Analysis of the patients’ complaints leaflet revealed its unavailability in BSL, leading to initial hurdles for Deaf signers in filing complaints in their preferred language. Additionally, despite the existence of AIS guidelines in both hospitals outlining protocols for addressing communication and information requirements, their complete integration has not been achieved since their statutory establishment in 2016.

Barriers to organisational competence – the main challenges were predominantly linked to the disregard for making regular information and standard procedures accessible in BSL, leading to various negative consequences. Appointment letters from hearing aid clinic sites contained appointment details but lacked guidance on accessing interpreters. The absence of a clear indication of interpreter arrangements compounded the issue. Although AccessAble guides were produced for audiology patients at both sites, they were not available in BSL, rendering them inaccessible to Deaf patients. Moreover, these guides primarily focused on physical accessibility, neglecting considerations for language access. This instances highlight the systematic lack of BSL resources hindering patient comprehension of the clinical experience and impeding the promotion of patient agency. Within the NHS, patient agency involves active engagement at organisational level seeking and integrating their feedback to improve services. However, in one hearing aid clinic, despite holding patient forums, the published minutes revealed the absence of Deaf signers’ participation. The root cause of their exclusion remained unclear, as the documented evidence did not address this issue.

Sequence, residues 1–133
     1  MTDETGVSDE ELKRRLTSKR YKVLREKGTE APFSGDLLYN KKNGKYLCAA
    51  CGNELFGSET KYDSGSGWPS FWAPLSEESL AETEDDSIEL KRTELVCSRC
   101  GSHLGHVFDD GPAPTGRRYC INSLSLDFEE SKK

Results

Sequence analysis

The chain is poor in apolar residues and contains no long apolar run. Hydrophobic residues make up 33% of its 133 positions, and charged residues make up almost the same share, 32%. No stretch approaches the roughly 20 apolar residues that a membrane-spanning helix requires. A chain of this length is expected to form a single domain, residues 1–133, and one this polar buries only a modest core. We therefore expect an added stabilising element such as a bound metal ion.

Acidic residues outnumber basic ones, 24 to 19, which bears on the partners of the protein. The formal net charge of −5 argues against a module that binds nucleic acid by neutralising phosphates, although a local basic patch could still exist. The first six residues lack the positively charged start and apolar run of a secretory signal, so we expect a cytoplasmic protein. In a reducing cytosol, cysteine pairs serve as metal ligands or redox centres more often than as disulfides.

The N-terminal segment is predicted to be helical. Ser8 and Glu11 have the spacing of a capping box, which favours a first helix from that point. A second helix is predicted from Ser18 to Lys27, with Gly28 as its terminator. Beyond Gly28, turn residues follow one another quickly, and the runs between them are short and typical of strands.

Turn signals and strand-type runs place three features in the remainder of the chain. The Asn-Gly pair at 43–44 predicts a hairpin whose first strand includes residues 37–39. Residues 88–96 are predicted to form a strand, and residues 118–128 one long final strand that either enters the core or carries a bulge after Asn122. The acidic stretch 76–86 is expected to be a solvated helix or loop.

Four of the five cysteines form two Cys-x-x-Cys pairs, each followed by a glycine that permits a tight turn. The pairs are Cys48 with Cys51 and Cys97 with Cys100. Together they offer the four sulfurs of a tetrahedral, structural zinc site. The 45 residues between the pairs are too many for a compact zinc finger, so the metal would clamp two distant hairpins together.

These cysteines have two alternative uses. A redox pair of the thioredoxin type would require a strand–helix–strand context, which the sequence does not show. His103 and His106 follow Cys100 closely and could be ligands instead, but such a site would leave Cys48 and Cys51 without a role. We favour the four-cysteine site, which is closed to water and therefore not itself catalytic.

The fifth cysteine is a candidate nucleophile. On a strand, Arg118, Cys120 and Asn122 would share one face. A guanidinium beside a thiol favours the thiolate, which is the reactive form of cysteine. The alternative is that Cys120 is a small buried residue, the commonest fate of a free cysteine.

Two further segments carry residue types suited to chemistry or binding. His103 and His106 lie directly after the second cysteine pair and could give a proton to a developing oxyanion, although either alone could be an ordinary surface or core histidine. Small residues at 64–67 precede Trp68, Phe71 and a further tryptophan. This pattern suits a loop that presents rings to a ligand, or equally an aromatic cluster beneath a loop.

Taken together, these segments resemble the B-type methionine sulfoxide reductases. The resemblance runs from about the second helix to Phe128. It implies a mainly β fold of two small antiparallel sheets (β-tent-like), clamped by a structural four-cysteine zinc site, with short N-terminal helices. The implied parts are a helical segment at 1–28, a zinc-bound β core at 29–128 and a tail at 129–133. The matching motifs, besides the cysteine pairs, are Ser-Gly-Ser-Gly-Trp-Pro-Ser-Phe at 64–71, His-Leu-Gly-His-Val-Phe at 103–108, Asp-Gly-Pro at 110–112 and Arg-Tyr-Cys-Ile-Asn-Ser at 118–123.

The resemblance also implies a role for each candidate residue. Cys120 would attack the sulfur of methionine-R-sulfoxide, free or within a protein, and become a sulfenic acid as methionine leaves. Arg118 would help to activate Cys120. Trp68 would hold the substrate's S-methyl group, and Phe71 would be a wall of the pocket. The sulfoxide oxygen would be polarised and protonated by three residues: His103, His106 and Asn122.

Barriers to interpersonal cultural competence – BSL courses were previously offered in the workplace but were discontinued. The justification for this decision was the perceived low benefit to the hospital/clinical unit because of the limited number of BSL-using patients. In essence, their minority status was not deemed significant enough to warrant specialised attention. However, participants identified additional obstacles to interpersonal cultural competence beyond language proficiency. These include the scarcity of BSL resources and a perceived lack of prioritisation of these patients’ needs, as highlighted by Participant 09:

We do not do it at the minute very well. Why? It is linked to resources. We could improve if we had: (1) Sign language videos – I’m sure this could happen. (2) We do our best to provide person-centred communication, but we do not extend this to sign language users. P09